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  • The Most Recent Evidence for the Radiographic Diagnosis of Cervical Arthrodesis – When will the Food and Drug Administration Change the Spinal Investigational Device Exemptions Guidelines.

    Final Number:

    Blake N Staub MD; John Hipp PhD

    Study Design:

    Subject Category:

    Meeting: Congress of Neurological Surgeons 2014 Annual Meeting

    Introduction: Medical device trials rely on the Food and Drug Administration (FDA) Investigational Device Exemptions document as a guide for fusion assessment. Unfortunately, the methodology of grading cervical spinal arthrodesis suggested by this fourteen-year-old document is flawed and antiquated according to more recent data. Lax fusion thresholds can potentially have a significant impact on reported rates of fusion and pseudoarthrosis. The purpose of this abstract is to review the current literature for assessing cervical segmental fusion and provide a new perspective on the current FDA requirements.

    Methods: A literature review was undertaken to elucidate new guidelines for what constitutes a fused cervical segment based upon the most recent scientific literature.

    Results: The current FDA guidelines state that cervical arthrodesis can be identified by: evidence of bridging, trabecular bone, translational motion less than three millimeters, and angular motion less than five degrees on flexion-extension imaging. In 2009, Kaiser et al concluded that pseudoarthrosis is best detected by intra-spinous process motion of greater than two millimeters. In addition, they suggested that all fusion assessments be performed by blinded observers as radiographic diagnoses diverge between the operating surgeon and a blinded radiologist when patients show clinical improvement. More recent data has shown that with validated computerized measurement systems, intervertebral motion less than or equal to one millimeter has been shown to be as reliable as thin-slice CT scans in assessing arthrodesis.

    Conclusions: Recent studies have set forth new criteria by which cervical segmental fusion should be assessed: interspinous process motion less than two millimeters and/or intervertebral motion less than one degree measured by a computerized system. Radiologists assessing attempted fusion should be blinded to the clinical results. Also, bone trabeculation is neither as sensitive nor specific as interspinous or intervetebral motion in assessing fusion. When will the FDA change its guidelines to match the current scientific evidence?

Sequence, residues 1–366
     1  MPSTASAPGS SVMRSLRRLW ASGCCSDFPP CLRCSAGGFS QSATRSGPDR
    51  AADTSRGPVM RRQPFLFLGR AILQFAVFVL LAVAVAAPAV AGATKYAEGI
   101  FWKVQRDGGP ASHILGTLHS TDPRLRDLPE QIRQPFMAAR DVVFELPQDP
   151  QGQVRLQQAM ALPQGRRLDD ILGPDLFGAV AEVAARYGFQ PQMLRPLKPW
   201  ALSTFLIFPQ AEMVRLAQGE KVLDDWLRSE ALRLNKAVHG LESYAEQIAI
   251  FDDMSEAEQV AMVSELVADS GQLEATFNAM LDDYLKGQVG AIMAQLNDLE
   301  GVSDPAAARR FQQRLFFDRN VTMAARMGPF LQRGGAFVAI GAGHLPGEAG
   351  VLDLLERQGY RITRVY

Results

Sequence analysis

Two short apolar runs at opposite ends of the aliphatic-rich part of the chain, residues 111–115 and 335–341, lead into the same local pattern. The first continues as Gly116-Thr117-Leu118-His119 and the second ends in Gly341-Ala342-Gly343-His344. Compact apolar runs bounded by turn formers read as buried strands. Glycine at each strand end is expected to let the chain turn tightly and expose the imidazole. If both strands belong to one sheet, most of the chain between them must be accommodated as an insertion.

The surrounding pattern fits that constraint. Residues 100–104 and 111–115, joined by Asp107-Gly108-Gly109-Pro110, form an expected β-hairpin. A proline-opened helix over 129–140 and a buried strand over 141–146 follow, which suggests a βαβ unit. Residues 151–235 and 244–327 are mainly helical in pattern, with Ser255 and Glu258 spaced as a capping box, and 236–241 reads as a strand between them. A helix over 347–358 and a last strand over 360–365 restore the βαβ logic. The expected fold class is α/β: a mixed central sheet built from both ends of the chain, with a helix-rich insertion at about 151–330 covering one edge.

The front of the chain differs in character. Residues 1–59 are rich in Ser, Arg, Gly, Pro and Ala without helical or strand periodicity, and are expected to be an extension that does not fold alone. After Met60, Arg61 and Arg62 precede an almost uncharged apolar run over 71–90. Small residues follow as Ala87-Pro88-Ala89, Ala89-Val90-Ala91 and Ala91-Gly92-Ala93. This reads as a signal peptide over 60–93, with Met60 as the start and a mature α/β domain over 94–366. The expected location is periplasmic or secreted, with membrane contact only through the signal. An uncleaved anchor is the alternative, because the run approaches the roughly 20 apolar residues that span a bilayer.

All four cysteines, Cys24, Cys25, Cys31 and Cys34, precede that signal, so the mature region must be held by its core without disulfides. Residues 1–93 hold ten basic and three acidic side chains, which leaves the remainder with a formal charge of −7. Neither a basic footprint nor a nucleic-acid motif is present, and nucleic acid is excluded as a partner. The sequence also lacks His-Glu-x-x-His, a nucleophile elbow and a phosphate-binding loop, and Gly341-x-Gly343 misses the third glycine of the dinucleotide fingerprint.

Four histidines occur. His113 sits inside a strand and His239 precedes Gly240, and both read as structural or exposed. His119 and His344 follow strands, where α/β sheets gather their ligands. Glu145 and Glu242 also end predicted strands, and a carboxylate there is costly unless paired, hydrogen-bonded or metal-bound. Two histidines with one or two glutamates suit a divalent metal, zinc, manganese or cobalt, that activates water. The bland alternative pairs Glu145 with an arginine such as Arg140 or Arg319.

Patient Care: Medical device companies frequently release new products and studies either promoting enhanced fusion rates in the cervical spine or using anterior cervical arthrodesis as the control group for studies on motion preserving devices. The lax fusion thresholds promoted by the FDA lead to an underdiagnosis of pseudoarthrosis after attempted cervical arthrodesis. In addition, in motion sparing device trials, if the rate of pseudoarthrosis is being under reported in the control fusion group, the evidence could point more strongly to the use of motion sparing devices in the cervical spine. Patients and clinicians will both benefit from tightened fusion criteria as medical devices will be held to a higher standard.

    Learning Objectives: By the conclusion of this session participants should be able to: 1) Understand the current FDA guidelines for radiographically assessing cervical arthrodesis. 2) Describe the criteria recommended by the most recent literature for radiographically assessing fusion/pseudoarthrosis.

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